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Each of six male subjects was exposed during rest to at least ten different thermal environments (Ta, 22-44 degrees C; rh, 40%). Local sweat rates from both forearms were continuously recorded in a steady state of each exposure, using capacitance hygrometry. In the absence of spontaneous sweating, localized sweating was induced by intradermal administration(More)
Sweat secretion from individual sweat glands on the human sole was observed in four male subjects by using a videomicroscope and correlated with sudomotor neural activity recorded from the tibial nerve by means of microneurography. Individual sweat glands could be distinguished as active, less active and inactive according to the incidence of sweat(More)
In a warm environment at ambient temperatures between 25° and 38°C (relative humidity 50%–60%) the relationship between sympathetic activity in cutaneous nerves (SSA) and pulses of sweat expulsion was investigated in five young male subjects. The SSA was recorded from the peroneal nerve using a microelectrode. Sweat expulsion was identified on the sweat(More)
Physiological significance of vasoactive intestinal polypeptide (VIP), a putative co-transmitter of the cholinergic neuron innervating sweat glands, was investigated by its local effect on drug-induced sweating. VIP, methacholine chloride (MCH), or VIP plus MCH dissolved in 0.1 ml of 0.9% NaCl solution to a specified concentration was injected intradermally(More)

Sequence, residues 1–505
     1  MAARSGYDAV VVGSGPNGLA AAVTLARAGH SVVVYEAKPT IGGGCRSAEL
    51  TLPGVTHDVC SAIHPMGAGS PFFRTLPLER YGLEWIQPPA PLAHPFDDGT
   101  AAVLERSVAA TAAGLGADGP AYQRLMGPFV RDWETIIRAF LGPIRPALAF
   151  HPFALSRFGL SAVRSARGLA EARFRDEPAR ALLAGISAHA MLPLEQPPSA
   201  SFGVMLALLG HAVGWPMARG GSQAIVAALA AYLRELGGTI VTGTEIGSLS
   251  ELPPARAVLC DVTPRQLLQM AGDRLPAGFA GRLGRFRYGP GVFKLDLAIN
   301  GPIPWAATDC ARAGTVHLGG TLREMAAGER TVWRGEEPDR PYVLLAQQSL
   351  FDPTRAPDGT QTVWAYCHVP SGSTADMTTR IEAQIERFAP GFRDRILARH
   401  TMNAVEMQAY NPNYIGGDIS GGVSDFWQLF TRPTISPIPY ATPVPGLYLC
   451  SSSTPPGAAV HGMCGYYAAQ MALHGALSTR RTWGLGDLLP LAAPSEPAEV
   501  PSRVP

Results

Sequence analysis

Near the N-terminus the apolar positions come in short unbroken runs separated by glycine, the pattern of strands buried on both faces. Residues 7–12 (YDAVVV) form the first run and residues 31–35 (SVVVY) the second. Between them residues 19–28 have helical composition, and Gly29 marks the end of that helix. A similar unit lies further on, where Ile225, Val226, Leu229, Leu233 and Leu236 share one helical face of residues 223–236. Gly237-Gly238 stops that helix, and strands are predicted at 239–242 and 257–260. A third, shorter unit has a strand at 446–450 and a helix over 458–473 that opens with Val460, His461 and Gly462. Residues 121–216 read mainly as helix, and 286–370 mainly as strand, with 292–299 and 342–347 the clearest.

Skin sympathetic nerve activities (SSNAs) were recorded simultaneously from the tibial and peroneal nerves by microneurography at an ambient temperature of 25 degrees C in five subjects with primary palmoplantar hyperhidrosis. The resting of the tibial SSNA innervating the sole (glabrous skin) increased moderately (36.5 +/- 1.5 bursts/min), while mental(More)
We examined the effects of repeated artificial CO2 (1,000 ppm) bathing on tympanic temperature (T ty), cutaneous blood flow, and thermal sensation in six healthy males. Each subject was immersed in CO2-rich water at a temperature of 34°C up to the level of the diaphragm for 20 min. The CO2-rich water was prepared using a multi-layered composite hollow-fiber(More)
To investigate the effects of age on thermal sensitivity, preferred ambient temperature (Tpref) was compared between old (71-76 years) and young (21-30 years) groups, each consisting of six male subjects in summer and winter. The air temperature (Ta) was set at either 20 degrees C or 40 degrees C at commencement. The subject was directed to adjust the Ta(More)
We studied how facial fanning during hyperthermia improves the thermal comfort sensation. Experiments were carried out on ten male subjects. They were immersed in hot water at 40°C for 45 min. At 20 min and 35 min, fanning (1 m·s–1) was applied to their faces for 5 min. Core temperature (T c) measured as esophageal temperature (T es) and tympanic(More)
In summer and winter, young, sedentary male (N = 5) and female (N = 7) subjects were exposed to heat in a climate chamber in which ambient temperature (Ta) was raised continuously from 30 to 42°C at a rate of 0.1°C min(-1) at a relative humidity of 40%. Sweat rates (SR) were measured continuously on forearm, chest and forehead together with tympanic(More)